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is peaceably possessed of the throne; and the king of Sweden declares for the emperor.

I cannot omit one particular accident here at home; that near the end of this month much mischief will be done at Bartholomew fair, by the fall of a booth.

September. This month begins with a very surprising fit of frosty weather, which will last near twelve days.

The pope having long languished last month, the swellings in his legs breaking, and the flesh mortifying, will die on the 11th instant: and in three weeks time, after a mighty contest, be succeeded by a cardinal of the imperial faction, but a native of Tuscany, who is now about sixty-one

years old.

The French ariny now acts wholly on the defensive, strongly fortified in their trenches; and the young French king sends overtures for a treaty of peace by the duke of Mantua; which, because it is a matter of state, that concerns us here at home, I shall speak no farther of.

I shall add but one prediction more, and that in mystical terms, which shall be included in a verse out of Virgil,

Alter erit jam Tethys, et altera, quæ vehat, Argo,
Delectos heroas.

Upon the 25th day of this month, the fulfilling of this prediction will be manifest to every body.

This is the farthest I have proceeded in my cal culations for the present year. I do not pretend, that these are all the great events, which will happen in this period, but that those I have set down will infallibly come to pass. It will perhaps still be objected, why I have not spoke more par

VOL. IX.

ticularly of affairs at home, or of the success of our armies abroad, which I might, and could very largely have done; but those in power have wisely discouraged men from meddling in public concerns, and I was resolved by no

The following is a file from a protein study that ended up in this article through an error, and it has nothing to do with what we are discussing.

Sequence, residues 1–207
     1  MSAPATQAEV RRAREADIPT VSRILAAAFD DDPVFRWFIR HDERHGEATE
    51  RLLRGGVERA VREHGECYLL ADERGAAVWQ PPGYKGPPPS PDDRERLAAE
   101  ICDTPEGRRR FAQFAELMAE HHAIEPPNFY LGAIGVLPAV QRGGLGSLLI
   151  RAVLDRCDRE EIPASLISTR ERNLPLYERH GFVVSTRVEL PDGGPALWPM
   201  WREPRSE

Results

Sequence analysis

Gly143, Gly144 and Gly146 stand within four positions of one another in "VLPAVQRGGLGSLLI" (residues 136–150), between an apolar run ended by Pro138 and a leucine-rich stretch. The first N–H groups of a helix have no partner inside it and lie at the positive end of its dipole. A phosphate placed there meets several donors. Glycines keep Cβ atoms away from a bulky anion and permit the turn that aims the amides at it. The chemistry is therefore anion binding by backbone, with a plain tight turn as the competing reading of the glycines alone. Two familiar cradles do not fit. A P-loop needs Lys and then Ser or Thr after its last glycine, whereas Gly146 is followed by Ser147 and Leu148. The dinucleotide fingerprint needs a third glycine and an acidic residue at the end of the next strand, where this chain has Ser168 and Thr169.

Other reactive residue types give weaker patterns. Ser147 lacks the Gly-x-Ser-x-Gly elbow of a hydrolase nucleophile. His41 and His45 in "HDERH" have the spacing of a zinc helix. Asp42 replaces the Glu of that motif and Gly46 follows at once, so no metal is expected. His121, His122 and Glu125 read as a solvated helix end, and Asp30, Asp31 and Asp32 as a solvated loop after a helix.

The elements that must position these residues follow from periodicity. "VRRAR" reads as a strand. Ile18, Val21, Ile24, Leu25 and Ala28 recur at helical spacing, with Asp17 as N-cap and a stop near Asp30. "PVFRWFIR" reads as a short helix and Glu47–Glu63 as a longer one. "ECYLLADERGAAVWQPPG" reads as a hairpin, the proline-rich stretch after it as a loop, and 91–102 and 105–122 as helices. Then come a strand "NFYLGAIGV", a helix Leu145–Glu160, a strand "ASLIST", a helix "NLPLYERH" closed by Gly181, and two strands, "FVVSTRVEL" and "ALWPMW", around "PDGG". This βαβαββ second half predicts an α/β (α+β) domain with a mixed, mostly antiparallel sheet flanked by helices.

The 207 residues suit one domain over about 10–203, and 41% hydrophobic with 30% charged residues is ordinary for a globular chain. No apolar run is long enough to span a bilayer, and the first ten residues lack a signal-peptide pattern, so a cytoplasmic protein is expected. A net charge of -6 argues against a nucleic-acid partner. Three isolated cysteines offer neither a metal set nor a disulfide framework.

means to give the least offence. This I will venture to say, that it will be a glorious campaign for the allies, wherein the English forces, both by sea and land, still have their full share of honour: that her majesty queen Anne will continue in health and prosperity : and that no ill accident will arrive to any in the chief ministry.

As to the particular events I have mentioned, the reader may judge by the fulfilling of them, whether I am on the level with common astrologers; who, with an old paltry cant, and a few pothooks for planets to amuse the vulgar, have, in my opinion, too long been suffered to abuse the world: but an honest physician ought not to be despised, because there are such things as mountebanks. I hope I have some share of reputation, which I would not willingly forfeit for a frolick or humour: and I believe no gentleman who reads this paper, will look upon it to be of the same cast or mould with the common scribbles, that are every day hawked about. My fortune has placed me above the little regard of writing for a few pence, which I neither value or want: therefore let not wise men too hastily condemn this essay, intended for a good design, to cultivate and improve an ancient art, long in disgrace by having fallen into mean unskilfül hands. A little time will determine whether I have deceived other's or myself: and I think it no very unreasonable request, that men would please to suspend their judgments till then. I was once of the opinion with those, who despise all predictions from the stars, till the year 1686, a man of quality showed me, written in his album,* that the most learned astronomer, captain Halley, assured him, he would never believe any thing of the stars' influence, if there were not a great revolution in England in the year 1688.